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Prepare for Personalized Medicine. Family Health History – An important first step in risk assessment for genetic diseases and other hereditary health conditions. Genetic Family History.

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Prepare for Personalized Medicine

FamilyHealth History –

An important first step in risk assessment for genetic diseases and other hereditary health conditions


Genetic Family History

“Health care professionals have known for a long time that common diseases (such as heart disease, cancer, and diabetes), and even rare diseases (like hemophilia, cystic fibrosis, and sickle cell anemia) can run in families. If one generation of a family has high blood pressure, it is not unusual for the next generation to have similarly high blood pressure. Tracing the illnesses suffered by parents, grandparents, and other blood relatives can help predict the disorders to which your patient may be at risk and take action to keep your patient and family healthy.”

– http://www.hhs.gov/familyhistory/


Genetic Family History – My Family Health Portrait

  • “The family tree has become the most important genetic test of all…”

  • To help focus attention on the importance of family health history, U.S. Surgeon General in cooperation with other agencies within the U.S. Department of Health and Human Services (HHS) has launched a national public health campaign, called the U.S. Surgeon General's Family History Initiative, to encourage all American families to learn more about their family health history. http://www.hhs.gov/familyhistory/


My Family Health Portrait

  • Americans know that family history is important to health. A recent survey found that 96 percent of Americans believe that knowing their family history is important. Yet, the same survey found that only one-third of Americans have ever tried to gather and write down their family's health history. http://www.hhs.gov/familyhistory/


My Family Health Portrait

  • Because family health history is such a powerful screening tool, the Surgeon General has created a new computerized tool to help make it fun and easy for anyone to create a sophisticated portrait of their family's health. http://www.hhs.gov/familyhistory/


National Family History Day

  • Thanksgiving is an annual National Family History Day. Thanksgiving is the traditional start of the holiday season for most Americans.

  • Whenever families gather, the Surgeon General encourages them to talk about, and to write down, the health problems that seem to run in their family. Learning about their family's health history may help ensure a longer future together.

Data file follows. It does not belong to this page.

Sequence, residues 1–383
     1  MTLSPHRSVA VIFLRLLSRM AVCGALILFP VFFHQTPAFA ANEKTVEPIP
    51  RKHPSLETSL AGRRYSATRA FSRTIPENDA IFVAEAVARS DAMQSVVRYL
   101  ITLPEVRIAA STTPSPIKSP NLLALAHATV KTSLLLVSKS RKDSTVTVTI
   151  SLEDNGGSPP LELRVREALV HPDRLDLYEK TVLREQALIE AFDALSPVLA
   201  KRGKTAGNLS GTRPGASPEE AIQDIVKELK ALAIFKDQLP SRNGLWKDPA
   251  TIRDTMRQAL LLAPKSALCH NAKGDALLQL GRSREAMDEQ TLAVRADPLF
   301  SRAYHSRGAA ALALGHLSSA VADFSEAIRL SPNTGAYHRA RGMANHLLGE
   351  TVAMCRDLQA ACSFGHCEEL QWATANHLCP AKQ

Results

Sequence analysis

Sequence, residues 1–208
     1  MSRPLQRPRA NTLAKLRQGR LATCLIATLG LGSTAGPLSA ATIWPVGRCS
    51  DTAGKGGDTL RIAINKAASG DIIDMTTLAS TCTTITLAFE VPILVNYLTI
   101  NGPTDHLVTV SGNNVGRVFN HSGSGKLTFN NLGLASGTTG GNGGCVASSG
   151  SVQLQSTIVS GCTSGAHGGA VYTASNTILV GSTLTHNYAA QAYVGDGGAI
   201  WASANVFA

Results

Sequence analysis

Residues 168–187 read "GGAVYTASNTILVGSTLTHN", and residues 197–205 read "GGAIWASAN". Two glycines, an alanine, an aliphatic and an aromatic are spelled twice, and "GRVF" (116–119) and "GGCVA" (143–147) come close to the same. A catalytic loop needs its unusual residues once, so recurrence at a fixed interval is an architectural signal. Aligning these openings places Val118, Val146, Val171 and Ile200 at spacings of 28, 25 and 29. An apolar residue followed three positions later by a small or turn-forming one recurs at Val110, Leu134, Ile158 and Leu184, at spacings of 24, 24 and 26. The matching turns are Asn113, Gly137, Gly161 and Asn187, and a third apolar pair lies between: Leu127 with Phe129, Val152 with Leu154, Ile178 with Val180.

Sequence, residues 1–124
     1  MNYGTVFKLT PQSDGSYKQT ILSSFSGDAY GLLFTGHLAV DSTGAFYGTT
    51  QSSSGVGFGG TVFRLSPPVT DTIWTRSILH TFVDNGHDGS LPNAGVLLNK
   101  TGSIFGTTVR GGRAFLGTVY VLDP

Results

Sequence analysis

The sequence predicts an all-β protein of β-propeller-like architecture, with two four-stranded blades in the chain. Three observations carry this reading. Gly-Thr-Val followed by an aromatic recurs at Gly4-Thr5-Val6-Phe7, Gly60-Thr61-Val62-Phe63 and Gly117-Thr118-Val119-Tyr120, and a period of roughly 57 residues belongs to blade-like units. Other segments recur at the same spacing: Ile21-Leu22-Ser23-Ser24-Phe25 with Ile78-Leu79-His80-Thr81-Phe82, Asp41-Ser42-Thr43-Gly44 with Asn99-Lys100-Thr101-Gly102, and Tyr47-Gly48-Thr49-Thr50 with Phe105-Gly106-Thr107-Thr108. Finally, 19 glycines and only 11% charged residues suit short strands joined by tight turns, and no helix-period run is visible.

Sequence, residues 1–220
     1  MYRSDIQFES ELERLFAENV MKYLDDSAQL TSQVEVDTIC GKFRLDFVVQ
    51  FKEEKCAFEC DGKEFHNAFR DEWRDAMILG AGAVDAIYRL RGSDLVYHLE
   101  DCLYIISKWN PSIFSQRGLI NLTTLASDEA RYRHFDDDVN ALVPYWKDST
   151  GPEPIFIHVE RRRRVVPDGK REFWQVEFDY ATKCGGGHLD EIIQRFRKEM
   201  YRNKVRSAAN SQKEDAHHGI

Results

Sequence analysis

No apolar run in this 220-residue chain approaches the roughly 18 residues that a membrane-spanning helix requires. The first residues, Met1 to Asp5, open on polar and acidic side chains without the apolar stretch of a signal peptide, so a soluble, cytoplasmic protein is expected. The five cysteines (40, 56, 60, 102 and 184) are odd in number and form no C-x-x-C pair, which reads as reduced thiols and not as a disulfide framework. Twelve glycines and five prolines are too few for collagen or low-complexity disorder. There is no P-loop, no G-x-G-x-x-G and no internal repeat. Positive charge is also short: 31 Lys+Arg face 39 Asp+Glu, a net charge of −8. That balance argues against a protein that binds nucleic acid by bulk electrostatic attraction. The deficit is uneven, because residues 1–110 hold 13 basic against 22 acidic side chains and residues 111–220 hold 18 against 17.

• http://www.hhs.gov/familyhistory/


Family history is a risk factor for diseases throughout all stages of life

diabetes

depression

Alzheimer’s disease

osteoporosis

birth defects

blood disorders

infants

adolescents

older adults

children

adults

asthma

autism

cancer

heart disease


Betty s story in 2017
Betty’s Story in 2017 stages of life

  • Betty completes the Surgeon General’s family history tool at age 18, learns of uncles with early heart disease

  • She consults her M.D., who suggests complete genome sequencing for $1000

  • She inquires about the risk of genetic discrimination, but federal legislation has outlawed this


Betty s story continues
Betty’s Story Continues… stages of life

  • She is found to have three gene variants that well validated studies have conclusively shown increase risk of early heart attack 5-fold

  • She and her M.D. design a program of prevention based on diet, exercise, and medication precisely targeted to her genetic situation


Betty s story continues1
Betty’s Story Continues… stages of life

  • Betty does well until age 75

  • She develops left arm pain that she assumes is due to gardening, but her M.D. knows her higher risk and diagnoses an acute MI

  • Referring to her genome sequence, the drugs that will work best to treat her are chosen

  • She survives and is alive and well in the 22nd century



Betty s story gone wrong
Betty’s Story Gone Wrong Nightmare?

  • The Surgeon General’s Family History Initiative never really takes off and her M.D. is too busy to ask about family history, so Betty never learns about her family history.

  • Betty is offered genome sequencing, but after seeing her brother lose his health insurance from this information, she declines.


Betty s story gone wrong1
Betty’s Story Gone Wrong Nightmare?

  • Betty eats an unhealthy diet, gains weight, and develops hypertension.

  • While tests to predict which drug would be most effective for Betty have been proposed, they have never been validated, and are not reimbursed.

  • Betty’s hypertension is treated with a drug that causes a hypersensitivity reaction, so she stops treatment.


Betty s story gone wrong2
Betty’s Story Gone Wrong Nightmare?

  • After 10 years of uncontrolled hypertension, Betty develops left arm pain at age 45.

  • Her M.D., unaware of her high risk, assumes this is musculoskeletal and prescribes rest.

  • Betty returns to the ER the next day in cardiogenic shock.


Betty s story gone wrong3
Betty’s Story Gone Wrong Nightmare?

  • The absence of her genome sequence information prevents optimal choice of therapy.

  • Betty dies in the ER.


Executive summary
Executive Summary Nightmare?

  • Will all this genomic Health Care stuff really help lead to patient-centered and truly personalized Health Care?


Executive summary1
Executive Summary Nightmare?

“Our age may be known to history as the age of genetic medicine, a time when many of the most feared illnesses were overcome.”

- President Bush April 10, 2002


Executive summary2
Executive Summary Nightmare?

“It is now conceivable that our children's children will know the term cancer only as a constellation of stars.”

- President Clinton

June 26, 2000


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